Adoption of a strategic recruitment approach is an HR policy that supports accomplishment of the business strategy.
Business strategy can change and must change in response to changes in the business and economic environment.
The strategies adopted during times of plenty differ from those during recessions. Recruitment strategy must change accordingly.
The use of strategy in recruitment is intended to attain the objective "Matching People with Jobs." With the absence of this approach, your organization may have to change its plan and may end up "Matching Jobs to People." This goes against the direction of your business plan.
What is Strategic Recruitment?
It means identifying the real recruitment needs of your organization and fulfilling those needs. The organizational needs are tied to the overall strategic business plan.
The needs are in terms of number, quality, and specialized skills and talents in every area of the organization's activities.
The organization's people needs range from the immediate to medium and long terms needs. These are considerations to make in recruitment.
Measurement of Recruitment Effectiveness
The quality of people that you can recruit will determine the future of your organization. You need to have the right mix of experience, skills and talents in order to grow stronger in every way.
The strategic recruitment approach requires your organization to measure the effectiveness of your recruitment policy and activities. This is important because a lot of money is involved in recruitment.
Recruitment metrics include:
All of these can indicate the ROI of Recruitment. Consider including these in your human resource metrics.
Some writers talk in term of "ROI" of recruitment. Here, you compare all the direct and indirect costs of recruitment to the tangible and intangible benefits. It is not easy to do this, however.
Determine the customer satisfaction by conducting interviews among recruiters, managers, suppliers, recent recruits and so on.
Then decide what metrics are most suitable for your organization.
HR Models Affecting Strategic Recruitment
HR Models affect the choice of recruitment measures.
One of these HR models is that of Ulrich's "HR as a business partner."
Others include the Human Resource Model by Formbrum, Noel Tichy and Mary Anne De Vanne of "putting people at the heart of business success", and the Harvard Human Resource Management Model where interactions between all those involved in people management are intended to fulfill the "aspirations of organizational stakeholders."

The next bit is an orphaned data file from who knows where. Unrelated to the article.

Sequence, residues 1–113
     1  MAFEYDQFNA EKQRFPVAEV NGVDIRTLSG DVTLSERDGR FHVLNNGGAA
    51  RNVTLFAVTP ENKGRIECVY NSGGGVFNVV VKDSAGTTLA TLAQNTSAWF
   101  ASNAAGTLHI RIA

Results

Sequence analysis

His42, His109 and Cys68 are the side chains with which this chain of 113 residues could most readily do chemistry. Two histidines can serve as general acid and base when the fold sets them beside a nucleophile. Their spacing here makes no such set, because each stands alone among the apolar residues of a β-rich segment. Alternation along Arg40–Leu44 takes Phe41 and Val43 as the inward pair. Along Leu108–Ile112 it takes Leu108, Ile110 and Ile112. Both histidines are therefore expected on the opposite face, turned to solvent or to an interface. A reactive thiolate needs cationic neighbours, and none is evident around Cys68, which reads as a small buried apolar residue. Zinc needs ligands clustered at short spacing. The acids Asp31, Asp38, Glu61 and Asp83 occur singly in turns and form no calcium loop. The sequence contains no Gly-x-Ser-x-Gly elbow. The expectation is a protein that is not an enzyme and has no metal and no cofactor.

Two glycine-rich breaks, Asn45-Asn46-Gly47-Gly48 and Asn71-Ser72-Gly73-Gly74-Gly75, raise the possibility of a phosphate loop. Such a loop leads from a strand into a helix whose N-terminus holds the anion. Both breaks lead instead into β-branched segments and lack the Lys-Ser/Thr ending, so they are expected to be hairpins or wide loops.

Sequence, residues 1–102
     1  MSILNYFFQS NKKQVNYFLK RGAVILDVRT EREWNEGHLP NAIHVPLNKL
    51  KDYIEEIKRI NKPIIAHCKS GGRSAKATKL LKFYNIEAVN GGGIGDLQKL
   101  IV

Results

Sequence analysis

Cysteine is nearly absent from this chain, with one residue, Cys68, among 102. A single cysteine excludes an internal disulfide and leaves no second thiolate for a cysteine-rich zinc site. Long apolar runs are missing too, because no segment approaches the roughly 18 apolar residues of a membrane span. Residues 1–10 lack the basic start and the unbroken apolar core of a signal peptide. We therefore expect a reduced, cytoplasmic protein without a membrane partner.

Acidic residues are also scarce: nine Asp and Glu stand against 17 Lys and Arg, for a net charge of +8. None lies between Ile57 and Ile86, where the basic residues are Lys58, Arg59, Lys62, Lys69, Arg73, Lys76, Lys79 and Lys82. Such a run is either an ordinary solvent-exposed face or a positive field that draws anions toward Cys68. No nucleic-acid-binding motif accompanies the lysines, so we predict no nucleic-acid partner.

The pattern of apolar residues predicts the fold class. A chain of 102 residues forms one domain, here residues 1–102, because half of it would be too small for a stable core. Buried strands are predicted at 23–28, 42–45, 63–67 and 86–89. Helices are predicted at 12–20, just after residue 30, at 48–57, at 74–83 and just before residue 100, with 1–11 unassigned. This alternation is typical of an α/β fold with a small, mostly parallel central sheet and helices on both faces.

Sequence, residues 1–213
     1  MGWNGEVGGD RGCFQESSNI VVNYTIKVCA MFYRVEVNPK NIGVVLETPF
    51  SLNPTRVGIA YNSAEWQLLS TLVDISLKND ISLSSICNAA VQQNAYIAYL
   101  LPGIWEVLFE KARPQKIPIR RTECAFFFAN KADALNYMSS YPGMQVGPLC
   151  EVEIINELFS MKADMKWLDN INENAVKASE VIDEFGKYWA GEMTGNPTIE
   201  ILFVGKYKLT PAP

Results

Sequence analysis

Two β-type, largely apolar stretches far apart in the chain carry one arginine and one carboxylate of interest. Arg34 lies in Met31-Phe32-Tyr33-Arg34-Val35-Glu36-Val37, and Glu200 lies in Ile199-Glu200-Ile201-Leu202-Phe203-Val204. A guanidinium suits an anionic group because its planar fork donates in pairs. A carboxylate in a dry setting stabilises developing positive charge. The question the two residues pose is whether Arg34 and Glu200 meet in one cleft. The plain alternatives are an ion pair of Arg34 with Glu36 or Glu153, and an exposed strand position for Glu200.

Determining Staffing Needs
You can predict or determine staffing needs based on:
Also take into consideration the number of employees promoted or deployed to different divisions or departments.
What is the immediate and future expansion plan of your organization? Are you going to cease certain activities?
Use this information to strategize your recruitment plan.
Recruitment During Hard Times
The importance of strategic recruitment becomes pronounced during economic downturns and during times when the organization is not performing well financially.
Cutting costs become a prime concern of organizations. Reducing headcounts is one of the common cost-cutting methods.* (see below) The effect becomes apparent very fast.
However, a survey by Deloitte Group shows that managing human capital is still a very important issue in industries.
A lot of organizations prefer restructuring jobs more to reducing headcount. Many choose to adopt people management strategies such as reducing bonus, benefit and salary, hiring more part-time employees and encouraging early retirement.
Surely it is logical to conclude that employees who are retained are those in critical areas of operations.
Whether during times of plenty or when hard times come, it is a good strategy to always adopt a strategic recruitment plan.
Link the business strategy to recruitment strategy.
It is stated in "Staffing the Organization":
This is proactive action to ensure that nothing is left to chance. Strategic recruitment is a response to dynamic market conditions, whether local or global or both.
Try not to overlook this when you make your human resource strategic plan.